- half a cupful of water (about 125ml)
1. Preheat the oven to its lowest setting and line a baking sheet with baking parchment.
2. Mix the flour and salt in a large bowl. Add the water and stir until it comes together into a ball.
3. Transfer the dough to a floured work surface and shape into your chosen model. You can roll it out and cut out shapes, numbers or letters using biscuit cutters, or make any kind of model you can think of. We made some fruit and veg shapes plus cupcakes for a teddy bear’s picnic.
4. Put your finished items on the lined baking sheet and bake for 3 hrs or until solid.
5. Leave to cool and then paint.
I made up the recipe and divided the mix into 4 balls. I stuffed each ball with greaseproof paper to get each doll’s bottom weight and a good wobble.
I thought the dough was probably too soft to hold a shape. It’s an experiment. Eventually, I put the dough dolls into silicone egg cups to bake at 70 degrees for 3hrs. I will paint them and then bring them to class on Friday. They might burn or explode, so an outside experiment may be in order.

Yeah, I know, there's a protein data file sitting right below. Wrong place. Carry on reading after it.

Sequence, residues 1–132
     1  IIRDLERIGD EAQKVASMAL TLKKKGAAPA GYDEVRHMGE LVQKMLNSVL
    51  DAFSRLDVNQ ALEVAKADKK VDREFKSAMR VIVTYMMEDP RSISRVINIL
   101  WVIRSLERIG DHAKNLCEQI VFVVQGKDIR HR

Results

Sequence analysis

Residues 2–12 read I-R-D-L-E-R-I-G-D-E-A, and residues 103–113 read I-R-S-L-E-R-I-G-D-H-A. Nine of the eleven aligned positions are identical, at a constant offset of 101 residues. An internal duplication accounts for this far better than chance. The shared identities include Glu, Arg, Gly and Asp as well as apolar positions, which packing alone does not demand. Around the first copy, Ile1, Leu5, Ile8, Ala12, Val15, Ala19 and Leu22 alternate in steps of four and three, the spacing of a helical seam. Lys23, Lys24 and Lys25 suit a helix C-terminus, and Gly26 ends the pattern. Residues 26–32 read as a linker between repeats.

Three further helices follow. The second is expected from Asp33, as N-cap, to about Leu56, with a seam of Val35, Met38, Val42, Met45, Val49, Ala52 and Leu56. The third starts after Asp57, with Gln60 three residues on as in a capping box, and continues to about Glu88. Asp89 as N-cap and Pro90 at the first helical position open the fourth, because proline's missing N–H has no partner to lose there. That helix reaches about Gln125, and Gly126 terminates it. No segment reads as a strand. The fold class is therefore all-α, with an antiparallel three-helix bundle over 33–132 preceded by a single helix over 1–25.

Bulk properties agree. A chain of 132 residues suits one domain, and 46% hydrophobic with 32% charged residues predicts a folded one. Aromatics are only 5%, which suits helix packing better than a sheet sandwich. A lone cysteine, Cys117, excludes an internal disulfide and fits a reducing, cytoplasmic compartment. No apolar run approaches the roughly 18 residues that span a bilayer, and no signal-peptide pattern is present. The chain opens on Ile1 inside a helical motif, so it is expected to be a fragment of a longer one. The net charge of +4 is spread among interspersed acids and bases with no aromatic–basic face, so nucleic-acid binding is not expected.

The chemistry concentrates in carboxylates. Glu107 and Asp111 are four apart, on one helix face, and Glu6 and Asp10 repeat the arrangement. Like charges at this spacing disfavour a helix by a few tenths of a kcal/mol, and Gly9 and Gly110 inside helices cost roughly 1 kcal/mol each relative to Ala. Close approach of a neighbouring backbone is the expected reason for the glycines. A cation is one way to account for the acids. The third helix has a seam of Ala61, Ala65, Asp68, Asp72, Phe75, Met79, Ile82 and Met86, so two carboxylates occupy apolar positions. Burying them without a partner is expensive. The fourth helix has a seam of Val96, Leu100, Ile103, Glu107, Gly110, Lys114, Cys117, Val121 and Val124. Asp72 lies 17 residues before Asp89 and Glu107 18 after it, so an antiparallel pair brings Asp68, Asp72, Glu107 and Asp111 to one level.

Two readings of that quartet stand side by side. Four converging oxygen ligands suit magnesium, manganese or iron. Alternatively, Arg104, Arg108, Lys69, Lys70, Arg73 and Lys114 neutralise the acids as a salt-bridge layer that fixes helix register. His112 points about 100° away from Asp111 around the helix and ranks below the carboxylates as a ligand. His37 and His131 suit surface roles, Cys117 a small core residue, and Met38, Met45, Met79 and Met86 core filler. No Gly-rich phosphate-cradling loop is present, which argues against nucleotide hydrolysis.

Aww, disappointment. This morning I turned out the dolls from their silicone egg cup, and they are still raw. This makes sense as the salt dough dries, not bakes. I’ve put them back in the oven, so they won’t be cooled for painting today, and that means my ‘on time’ schedule is now messed up!
Back in the oven for 3 hours… still not set… now desperation sets in and the experiment takes a surreal turn….
I also did some editing on two old videos to make one. I am looking at sound transitions and different visual aspect ratios in one video It’s about shape and rhythm (back to belly dancing and the djembe drum).